If you were building your wardrobe from scratch, how would you do it? Would you prioritize quality? Would you emphasize cost? Or is there some happy balance between the two? That's what GRS
reader author J.D. wants to know. He writes:
I'm a 40-something guy who's lost 40-something pounds over the past year. This is a good thing. But now my old clothes don't fit. As a frugal fellow, this creates something of a dilemma. How do I re-build my wardrobe while keeping an eye on costs?
For most of my adult life, I've dressed in what I'd call Modern Slob. Or maybe Geek Casual. My wardrobe comprised jeans, t-shirts, and sweatshirts, most of which were purchased at Costco and local thrift stores.
Now that I'm slimmer, I'm more interested in dressing well. That is, I want to look nice, and not like I don't give a hoot. I don't need to buy a suit, but I'd like to learn how to buy affordable clothing in classic fashions. I don't know where to start.
First, I'll stop referring to myself in third person. (It's like a bad Seinfeld episode or something.) Next, I'll elaborate on my concerns.
I really do have something of a wardrobe crisis. Downstairs in the living room, I have a pile of clothes that no longer fit. I'm gradually giving these away to friends and family (and will donate the rest to charity), but meanwhile there's little left to wear. I don't need to rebuild my wardrobe to the size it was before my wardrobe project, but I do want to have some essentials on hand. Right now, I have no dress shirts that fit. And no dress pants. And no turtlenecks. And no jeans.
I could go on a shopping spree at the local mall, I suppose, but that's so not me (and on so many levels). I've tried to buy some new clothes at Costco, but I don't like the fit and fashions they offer right now. That leaves me with the thrift stores, but these are an imperfect solution. I'm truly puzzled about how to build a wardrobe on a budget.
Lately, out of curiosity, I've been reading magazines like GQ and Esquire. I haven't done this in 20 years. (And once this spell passes, it'll probably be another 20 years before I pick them up again.) While entertaining, there are a couple of problems with modern fashion mags:
- I have zero interest in buying “fashionable” clothing. I abhor the idea of owning something that's hip today but which may be unwearable five years from now. I'm drawn to what Alan Flusser calls “permanent fashion“. (And the casual end of that.)
- I'm not willing to pay big bucks for clothes. I cringe when I read things like: “Yes, you could buy a cashmere sweater for $90, but why would you? Top quality costs ten times as much, but it's worth it.” Not to me, it isn't. No sweater is worth $900. Remember, I'm accustomed to buying sweaters for $9 at Goodwill.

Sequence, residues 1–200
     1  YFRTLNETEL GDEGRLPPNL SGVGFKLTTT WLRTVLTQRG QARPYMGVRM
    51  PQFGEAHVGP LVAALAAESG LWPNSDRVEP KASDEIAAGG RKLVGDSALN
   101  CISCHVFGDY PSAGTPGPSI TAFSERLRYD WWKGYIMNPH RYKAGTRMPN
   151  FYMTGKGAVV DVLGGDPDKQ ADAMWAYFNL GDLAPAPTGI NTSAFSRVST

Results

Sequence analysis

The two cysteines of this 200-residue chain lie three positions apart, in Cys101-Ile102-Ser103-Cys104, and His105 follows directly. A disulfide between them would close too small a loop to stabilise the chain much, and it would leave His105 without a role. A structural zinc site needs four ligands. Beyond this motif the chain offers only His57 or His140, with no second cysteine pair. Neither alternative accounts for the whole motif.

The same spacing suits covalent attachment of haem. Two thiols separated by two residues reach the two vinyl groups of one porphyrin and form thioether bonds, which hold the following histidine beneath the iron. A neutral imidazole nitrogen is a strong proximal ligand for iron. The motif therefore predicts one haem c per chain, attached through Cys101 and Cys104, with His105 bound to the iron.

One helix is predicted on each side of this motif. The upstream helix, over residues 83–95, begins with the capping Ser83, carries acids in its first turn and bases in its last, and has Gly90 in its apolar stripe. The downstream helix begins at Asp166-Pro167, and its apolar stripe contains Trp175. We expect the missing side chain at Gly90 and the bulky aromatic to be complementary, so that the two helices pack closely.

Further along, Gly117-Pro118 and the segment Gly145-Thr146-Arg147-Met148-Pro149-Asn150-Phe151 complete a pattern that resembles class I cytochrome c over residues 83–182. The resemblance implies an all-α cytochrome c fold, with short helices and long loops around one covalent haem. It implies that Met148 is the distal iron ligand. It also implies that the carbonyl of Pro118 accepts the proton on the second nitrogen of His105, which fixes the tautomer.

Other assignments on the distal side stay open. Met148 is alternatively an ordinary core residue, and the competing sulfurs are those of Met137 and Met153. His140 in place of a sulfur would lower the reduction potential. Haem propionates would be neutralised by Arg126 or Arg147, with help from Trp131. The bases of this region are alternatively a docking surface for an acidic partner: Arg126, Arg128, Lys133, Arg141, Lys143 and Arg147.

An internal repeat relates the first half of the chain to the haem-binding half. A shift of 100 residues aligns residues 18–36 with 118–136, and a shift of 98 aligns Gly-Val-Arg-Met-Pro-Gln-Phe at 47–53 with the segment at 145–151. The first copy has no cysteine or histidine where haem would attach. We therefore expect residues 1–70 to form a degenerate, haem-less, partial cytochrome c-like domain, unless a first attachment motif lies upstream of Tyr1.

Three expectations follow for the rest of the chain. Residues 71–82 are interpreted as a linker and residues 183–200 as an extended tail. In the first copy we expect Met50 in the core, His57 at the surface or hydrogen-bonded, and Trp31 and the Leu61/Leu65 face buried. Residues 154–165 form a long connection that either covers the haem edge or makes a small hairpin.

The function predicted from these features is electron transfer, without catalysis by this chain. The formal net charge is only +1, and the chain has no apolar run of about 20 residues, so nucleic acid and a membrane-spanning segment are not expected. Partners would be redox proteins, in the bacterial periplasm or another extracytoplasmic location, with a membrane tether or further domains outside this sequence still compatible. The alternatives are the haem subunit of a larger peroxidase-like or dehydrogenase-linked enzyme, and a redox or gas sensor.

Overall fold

Surely there's a balance to be had. There must be fine clothes available at reasonable prices, especially for folks like me who don't give a whit about labels. I just want quality. (And although it pains my frugal nature, I'm willing to admit that maybe paying a little more for quality is worth it.)
Does Quality Trump Cost?
For example, I recently bought an Icebreaker merino wool t-shirt on sale at REI for $45. I felt guilty about this for days (because it's three times what I'd usually spend on a t-shirt), but then I wore it during our trip to Europe. I loved it. The shirt felt great, but best of all, it never stank — even after I wore it for a week straight. (No joke.) If that t-shirt holds up to wear, it'll be worth $45 in my book, and I'll no longer feel guilty about buying it.
But I'm not willing to spend $45 each on a drawer full of t-shirts. That's crazy, right? Plus, I'm not ready to rule out thrift stores. I can buy great stuff there for cheap. Just last week, for example, I went thrift-store shopping with Kris and her sister. I was giddy to find one of my favorite shirts — one that I've purged because it's too large — in size medium. For five bucks. (Then I found two more from the same company that I picked up, too.) And just yesterday, I bought a nice-looking pair of name-brand corduroy pants for $6 at another thrift store.
If thrift stores are so great, why don't I use them exclusively? Well, they're a great way to supplement the clothes you already have, but it's tough to use them to build a wardrobe from scratch. Their selection is…random. And there's no co-ordination between styles.
Help Me Help Myself
So, dear readers, I need your help. Tell me: How do you find affordable clothing? If you were building a wardrobe from scratch, where would you start? Is it feasible to do this just using thrift stores? Are you willing to pay more for quality? How much more?
Finally, can you recommend any websites about dressing well? (I'm especially interesting in learning how to dress well on a budget.) Or maybe I should forget about looking nice and just go back to being a modern slob!
Author: J.D. Roth
In 2006, J.D. founded Get Rich Slowly to document his quest to get out of debt. Over time, he learned how to save and how to invest. Today, he's managed to reach early retirement! He wants to help you master your money — and your life. No scams. No gimmicks. Just smart money advice to help you reach your goals.